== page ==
Philips and Cisco share their joint vision for connected public lighting for cities in a Point of View paper titled ‘’The Time is right for Connected Public Lighting within Smart Cities’’.
The paper highlights the importance of lighting to help create a livable city, and the opportunity to save energy by the implementation of energy-efficient LED lighting. The companies outline an innovative approach to realize additional savings by connecting lighting to the Internet, deriving even greater value by using the lighting network for other connected services.
Cities Across the Globe Face New Trends & Challenges
As the world’s population rises at an increasingly rapid pace, driven by skyrocketing urban
growth, the topic of the “sustainable, livable city” is gaining momentum. We are realizing that
the planet’s scarce resources might not be sufficient to sustain the tremendous population
spike we are facing.
Four trends in particular are creating new challenges—and opportunities—for city leaders
- Urbanization across the globe: Urban populations are rapidly increasing, reflecting the growing strategic importance of city locations. By 2050, more than two-thirds of the world’s population will live in cities—and more than 3 billion people will live in new, expanded, or renovated urban settings.1
- Surging demand for energy and resources: With cities accounting for 70 percent of the world’s energy consumption and greenhouse gas emissions,2 there are increasing concerns about the price and availability of energy resources—and their environmental impact.
- Cities’ desire to establish a strong identity: Inter-city competition for people and business is on the rise, creating conditions for economic growth.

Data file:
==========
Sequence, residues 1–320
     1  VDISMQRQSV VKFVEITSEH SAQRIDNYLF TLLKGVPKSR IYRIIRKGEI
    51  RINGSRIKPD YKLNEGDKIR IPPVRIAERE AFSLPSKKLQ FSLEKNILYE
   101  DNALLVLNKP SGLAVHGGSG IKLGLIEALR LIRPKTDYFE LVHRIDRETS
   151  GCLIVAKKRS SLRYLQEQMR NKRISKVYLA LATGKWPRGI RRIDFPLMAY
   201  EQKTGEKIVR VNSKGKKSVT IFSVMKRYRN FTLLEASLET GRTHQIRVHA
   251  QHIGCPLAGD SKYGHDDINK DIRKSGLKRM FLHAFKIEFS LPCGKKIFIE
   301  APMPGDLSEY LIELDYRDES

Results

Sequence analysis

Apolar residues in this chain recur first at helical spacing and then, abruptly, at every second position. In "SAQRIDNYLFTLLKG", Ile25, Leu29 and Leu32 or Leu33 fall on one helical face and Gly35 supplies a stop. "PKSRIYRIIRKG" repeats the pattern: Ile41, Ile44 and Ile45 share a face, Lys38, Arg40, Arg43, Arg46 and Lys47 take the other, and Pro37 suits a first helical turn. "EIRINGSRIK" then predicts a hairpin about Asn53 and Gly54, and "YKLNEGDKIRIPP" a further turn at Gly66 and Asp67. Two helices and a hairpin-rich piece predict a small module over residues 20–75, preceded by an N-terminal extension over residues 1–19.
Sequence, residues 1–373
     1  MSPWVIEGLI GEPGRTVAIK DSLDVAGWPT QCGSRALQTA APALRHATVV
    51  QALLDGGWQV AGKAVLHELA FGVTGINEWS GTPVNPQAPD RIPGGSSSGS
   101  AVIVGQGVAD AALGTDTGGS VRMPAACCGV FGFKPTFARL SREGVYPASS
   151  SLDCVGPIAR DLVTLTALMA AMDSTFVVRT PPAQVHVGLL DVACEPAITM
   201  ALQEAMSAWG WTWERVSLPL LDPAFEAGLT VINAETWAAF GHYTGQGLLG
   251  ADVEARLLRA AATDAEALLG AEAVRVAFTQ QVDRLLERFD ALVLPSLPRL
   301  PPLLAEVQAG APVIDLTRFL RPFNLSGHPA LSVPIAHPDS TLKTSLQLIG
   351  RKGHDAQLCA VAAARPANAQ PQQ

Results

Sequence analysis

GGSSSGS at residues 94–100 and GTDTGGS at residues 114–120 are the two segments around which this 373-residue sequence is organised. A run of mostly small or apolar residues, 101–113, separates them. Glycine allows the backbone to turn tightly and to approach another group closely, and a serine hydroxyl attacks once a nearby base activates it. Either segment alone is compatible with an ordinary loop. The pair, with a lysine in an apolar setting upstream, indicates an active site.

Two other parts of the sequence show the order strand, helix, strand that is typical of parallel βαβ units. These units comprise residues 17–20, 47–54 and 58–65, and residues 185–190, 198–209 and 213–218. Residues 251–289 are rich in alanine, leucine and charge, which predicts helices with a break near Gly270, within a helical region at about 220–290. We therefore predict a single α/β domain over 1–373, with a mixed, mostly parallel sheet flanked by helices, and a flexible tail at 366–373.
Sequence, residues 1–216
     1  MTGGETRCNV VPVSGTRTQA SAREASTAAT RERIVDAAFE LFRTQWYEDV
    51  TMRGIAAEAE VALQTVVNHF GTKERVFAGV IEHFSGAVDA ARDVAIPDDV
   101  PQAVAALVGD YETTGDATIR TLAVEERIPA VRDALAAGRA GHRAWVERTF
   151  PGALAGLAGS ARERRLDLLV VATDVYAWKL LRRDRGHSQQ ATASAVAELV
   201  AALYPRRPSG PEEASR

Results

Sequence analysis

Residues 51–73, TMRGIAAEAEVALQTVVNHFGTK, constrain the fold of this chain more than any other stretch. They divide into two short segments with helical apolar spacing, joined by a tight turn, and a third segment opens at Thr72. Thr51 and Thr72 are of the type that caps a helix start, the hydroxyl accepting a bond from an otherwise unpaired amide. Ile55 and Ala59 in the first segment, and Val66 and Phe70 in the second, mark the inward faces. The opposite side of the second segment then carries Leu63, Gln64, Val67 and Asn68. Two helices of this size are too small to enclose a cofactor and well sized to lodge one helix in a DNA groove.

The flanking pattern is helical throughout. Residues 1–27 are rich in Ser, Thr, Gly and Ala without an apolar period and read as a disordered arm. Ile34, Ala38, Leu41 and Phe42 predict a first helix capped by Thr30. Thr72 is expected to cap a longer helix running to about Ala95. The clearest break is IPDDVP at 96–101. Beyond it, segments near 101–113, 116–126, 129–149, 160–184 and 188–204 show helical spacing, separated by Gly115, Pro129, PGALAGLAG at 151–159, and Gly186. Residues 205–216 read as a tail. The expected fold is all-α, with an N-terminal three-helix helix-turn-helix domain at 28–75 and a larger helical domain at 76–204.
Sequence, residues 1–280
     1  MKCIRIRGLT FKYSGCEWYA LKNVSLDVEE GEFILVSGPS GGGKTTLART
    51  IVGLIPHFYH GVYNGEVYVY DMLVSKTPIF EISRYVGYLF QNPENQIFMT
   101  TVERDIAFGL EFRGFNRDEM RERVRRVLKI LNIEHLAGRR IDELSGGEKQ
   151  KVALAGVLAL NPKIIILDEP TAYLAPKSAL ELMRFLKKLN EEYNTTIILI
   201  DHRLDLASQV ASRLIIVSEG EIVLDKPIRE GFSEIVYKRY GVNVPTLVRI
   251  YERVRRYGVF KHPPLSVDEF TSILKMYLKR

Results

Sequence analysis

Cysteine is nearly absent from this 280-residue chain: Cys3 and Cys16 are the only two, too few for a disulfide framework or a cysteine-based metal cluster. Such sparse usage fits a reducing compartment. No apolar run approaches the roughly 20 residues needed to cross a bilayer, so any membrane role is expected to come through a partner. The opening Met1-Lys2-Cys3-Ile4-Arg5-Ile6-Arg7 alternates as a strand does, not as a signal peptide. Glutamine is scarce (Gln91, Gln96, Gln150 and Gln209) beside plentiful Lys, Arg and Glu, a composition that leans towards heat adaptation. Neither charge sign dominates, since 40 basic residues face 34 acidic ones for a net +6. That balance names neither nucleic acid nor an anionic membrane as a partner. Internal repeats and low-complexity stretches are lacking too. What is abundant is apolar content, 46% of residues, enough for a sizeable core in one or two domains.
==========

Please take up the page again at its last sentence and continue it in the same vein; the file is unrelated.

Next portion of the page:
- Growing connectivity: There are huge, new opportunities to improve urban life through intelligent, highly efficient solutions enabled by information and communications technology (ICT). Increasing urgency and public pressure will drive adoption of advanced city operation systems.
Rapid urbanization around the globe presents cities with the challenge of ensuring their “livability.” The Philips Livable Cities Think Tank3 has identified three important ingredients of a livable city: resilience, inclusiveness, and authenticity. Resilience focuses on a city’s flexibility and balance—the ability to adapt to the requirements of the city; inclusiveness refers to a city’s ability to generate a sense of community in all sections of the population, irrespective of gender, age and ethnicity; authenticity is the local character or identity of a city.
An intelligent, networked public lighting infrastructure can contribute to enhancing the “livability” of cities around the world by:
- Creating a resource-efficient, environmentally resilient city: Adopt energy solutions that keep pace with a city’s progress and prepare it for an exciting future by minimizing resource usage and environmental impacts.
- Ensuring the safety and security of all citizens: Make people feel safer by improving driving conditions, discouraging crime, and reinvigorating urban spaces—from neighborhoods and communal spaces to parklands and highways.